So what do you think?  Thumbs up or thumbs down?  Any suggestions for quilting designs?

As for learning how to do those techniques that Jan uses in her award winning quilts, well I did learn how to do them and I will definitely try them on my own.


17 comments:

ann said...

Those fabrics are GORGEOUS! However, like you, I haven't a clue how to quilt it.

I won a hand dyed piece of fabric over a year ago. Every so often I pull it out, admire it, pin it up for a while trying to figure out how to quilt it.

I am looking forward to seeing what you do with those amazing hand dyes.

Gerrie said...

In my opinion, too much free motion quilting would fight with the beautiful design you have. I would do straight or slightly curving quilting on the diagonal.

Janet Jo said...

It's a lovely quilt top with a lot of beautiful fabrics. Very nice. For quilting, I would like to emphasize the various "blocks" of fabric, using a different free motion shape in each - possibly even straight line stitching between the various fabrics. For me the appeal of this quilt is the color blocking with various fabrics.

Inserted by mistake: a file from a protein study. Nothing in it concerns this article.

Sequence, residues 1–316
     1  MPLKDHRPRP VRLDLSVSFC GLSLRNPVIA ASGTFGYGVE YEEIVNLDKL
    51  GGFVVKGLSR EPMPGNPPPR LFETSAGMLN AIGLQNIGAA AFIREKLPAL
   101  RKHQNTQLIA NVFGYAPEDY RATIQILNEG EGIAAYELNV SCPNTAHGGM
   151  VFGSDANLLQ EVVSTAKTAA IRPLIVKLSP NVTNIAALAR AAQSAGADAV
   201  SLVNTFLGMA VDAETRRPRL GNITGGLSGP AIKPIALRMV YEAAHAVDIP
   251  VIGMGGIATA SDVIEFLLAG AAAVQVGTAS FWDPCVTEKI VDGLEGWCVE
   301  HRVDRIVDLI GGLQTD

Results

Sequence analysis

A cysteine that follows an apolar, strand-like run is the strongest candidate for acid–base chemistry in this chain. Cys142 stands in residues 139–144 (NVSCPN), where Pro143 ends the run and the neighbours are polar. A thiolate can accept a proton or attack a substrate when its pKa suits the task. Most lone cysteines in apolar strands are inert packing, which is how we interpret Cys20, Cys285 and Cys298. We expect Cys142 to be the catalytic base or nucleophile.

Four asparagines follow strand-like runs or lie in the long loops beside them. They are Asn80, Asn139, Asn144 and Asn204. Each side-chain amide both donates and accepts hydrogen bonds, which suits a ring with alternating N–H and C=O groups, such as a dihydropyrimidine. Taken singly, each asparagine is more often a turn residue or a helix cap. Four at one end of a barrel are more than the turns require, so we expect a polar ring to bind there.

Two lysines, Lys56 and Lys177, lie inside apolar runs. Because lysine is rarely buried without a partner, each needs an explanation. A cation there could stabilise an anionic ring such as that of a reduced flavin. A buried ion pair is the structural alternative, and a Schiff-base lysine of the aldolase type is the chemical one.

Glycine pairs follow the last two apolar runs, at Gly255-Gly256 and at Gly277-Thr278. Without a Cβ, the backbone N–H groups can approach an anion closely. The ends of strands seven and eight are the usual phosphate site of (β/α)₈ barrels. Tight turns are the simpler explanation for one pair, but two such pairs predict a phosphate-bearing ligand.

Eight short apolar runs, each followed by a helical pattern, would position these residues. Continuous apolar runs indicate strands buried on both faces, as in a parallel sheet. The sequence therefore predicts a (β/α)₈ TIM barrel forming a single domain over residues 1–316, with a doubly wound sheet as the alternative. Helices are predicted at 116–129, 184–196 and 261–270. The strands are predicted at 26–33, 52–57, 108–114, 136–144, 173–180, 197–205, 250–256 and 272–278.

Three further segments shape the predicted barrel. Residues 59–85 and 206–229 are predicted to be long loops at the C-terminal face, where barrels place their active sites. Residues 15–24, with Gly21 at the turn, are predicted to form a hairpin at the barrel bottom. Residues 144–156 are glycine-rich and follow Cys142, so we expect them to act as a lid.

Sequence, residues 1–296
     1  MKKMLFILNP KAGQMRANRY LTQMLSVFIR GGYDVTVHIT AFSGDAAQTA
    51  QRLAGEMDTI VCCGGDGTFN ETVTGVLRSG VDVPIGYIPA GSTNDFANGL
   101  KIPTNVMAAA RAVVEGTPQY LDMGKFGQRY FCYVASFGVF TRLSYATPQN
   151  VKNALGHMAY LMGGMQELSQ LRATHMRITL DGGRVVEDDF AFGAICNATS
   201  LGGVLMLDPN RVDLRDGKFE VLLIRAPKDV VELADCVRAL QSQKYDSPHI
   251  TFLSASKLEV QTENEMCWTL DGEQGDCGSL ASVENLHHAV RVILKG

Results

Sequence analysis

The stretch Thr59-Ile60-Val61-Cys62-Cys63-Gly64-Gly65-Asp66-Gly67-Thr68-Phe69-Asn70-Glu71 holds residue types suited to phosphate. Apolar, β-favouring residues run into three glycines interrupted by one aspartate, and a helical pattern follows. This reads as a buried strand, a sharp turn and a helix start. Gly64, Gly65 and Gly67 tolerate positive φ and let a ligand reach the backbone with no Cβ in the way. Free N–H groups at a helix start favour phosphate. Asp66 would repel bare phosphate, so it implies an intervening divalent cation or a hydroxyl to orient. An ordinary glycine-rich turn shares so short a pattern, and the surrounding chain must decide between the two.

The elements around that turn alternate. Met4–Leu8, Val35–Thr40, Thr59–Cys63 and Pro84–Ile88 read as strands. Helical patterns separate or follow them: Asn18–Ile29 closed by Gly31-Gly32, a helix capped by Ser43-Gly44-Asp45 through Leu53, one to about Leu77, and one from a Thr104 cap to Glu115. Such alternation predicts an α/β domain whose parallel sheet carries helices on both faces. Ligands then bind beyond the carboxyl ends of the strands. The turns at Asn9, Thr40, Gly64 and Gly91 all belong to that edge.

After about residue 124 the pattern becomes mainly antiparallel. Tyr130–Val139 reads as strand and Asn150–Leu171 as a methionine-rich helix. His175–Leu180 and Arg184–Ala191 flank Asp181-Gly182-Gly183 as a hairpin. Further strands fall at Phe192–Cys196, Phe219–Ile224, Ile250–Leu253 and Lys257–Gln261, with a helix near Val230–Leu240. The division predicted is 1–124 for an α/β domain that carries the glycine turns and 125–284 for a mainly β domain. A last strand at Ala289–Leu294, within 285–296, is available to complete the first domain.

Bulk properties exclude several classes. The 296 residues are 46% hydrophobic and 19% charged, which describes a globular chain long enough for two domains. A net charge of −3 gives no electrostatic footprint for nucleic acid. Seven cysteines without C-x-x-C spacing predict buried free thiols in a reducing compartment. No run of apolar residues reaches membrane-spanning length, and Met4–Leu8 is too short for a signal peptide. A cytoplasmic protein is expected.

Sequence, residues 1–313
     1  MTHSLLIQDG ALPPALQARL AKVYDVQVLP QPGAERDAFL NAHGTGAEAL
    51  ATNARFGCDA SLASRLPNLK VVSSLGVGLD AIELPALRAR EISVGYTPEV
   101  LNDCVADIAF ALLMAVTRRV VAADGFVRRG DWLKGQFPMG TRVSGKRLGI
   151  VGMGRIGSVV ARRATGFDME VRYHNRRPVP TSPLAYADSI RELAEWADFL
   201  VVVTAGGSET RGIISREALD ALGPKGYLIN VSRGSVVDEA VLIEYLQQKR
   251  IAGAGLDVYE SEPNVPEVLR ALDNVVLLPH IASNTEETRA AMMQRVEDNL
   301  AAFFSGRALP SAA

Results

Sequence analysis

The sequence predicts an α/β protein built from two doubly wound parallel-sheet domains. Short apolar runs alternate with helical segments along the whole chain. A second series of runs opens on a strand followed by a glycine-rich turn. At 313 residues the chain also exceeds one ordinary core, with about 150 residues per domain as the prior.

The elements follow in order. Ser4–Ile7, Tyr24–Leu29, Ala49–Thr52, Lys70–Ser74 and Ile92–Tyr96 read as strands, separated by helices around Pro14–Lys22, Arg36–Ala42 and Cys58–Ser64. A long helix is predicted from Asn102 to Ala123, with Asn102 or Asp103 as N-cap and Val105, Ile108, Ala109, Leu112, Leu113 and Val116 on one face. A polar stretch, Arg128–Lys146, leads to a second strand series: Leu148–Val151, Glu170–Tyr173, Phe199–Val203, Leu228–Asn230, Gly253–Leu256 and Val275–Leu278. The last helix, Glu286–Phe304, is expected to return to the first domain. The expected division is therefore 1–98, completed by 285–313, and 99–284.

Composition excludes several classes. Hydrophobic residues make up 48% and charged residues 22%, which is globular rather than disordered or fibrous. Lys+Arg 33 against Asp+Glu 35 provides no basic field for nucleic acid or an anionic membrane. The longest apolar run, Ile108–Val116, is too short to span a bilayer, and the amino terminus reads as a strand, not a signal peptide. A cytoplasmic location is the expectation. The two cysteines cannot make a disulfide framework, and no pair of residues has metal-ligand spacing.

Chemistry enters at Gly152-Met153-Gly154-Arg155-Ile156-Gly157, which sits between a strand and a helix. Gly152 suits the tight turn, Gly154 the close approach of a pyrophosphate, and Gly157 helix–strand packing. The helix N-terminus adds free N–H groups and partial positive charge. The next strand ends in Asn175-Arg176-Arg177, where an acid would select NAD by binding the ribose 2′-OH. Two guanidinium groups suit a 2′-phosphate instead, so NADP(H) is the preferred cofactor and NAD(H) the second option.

Lisa said...

This is a beautiful piece! It looks like you had a great time in your class.

I'd be more inclined to emphasis the patterns in each block when you quilt which would mean more straight lines than curves. Most of the time I have a tendency of going with curvy lines on something so straight but for some reason this one is saying diagonal straight lines.

Margarita Korioth said...

Beautiful fabrics and nice composition. Dis you decide how are you going to quilt it?

Janice PD said...

Norma these are stunning. I agree with Gerrie. Simple quilting with lines like sashiko would work without overpowering the fabrics. Can't wait to see it completed.

Cathy Perlmutter said...

Spectacular fabrics! Wow! Large stitch sashiko-type quilting sounds good to me for this project.

jeanne Marklin said...

I'm with Gerrie. The fabrics have so much going on that the quilting should be simple. Jan keeps her quilting very simple, and it works beautifully. This composition is lovely!

Linda M said...

The fabrics are wonderful, as is the composition. I would keep the quilting simple.

fndlmous said...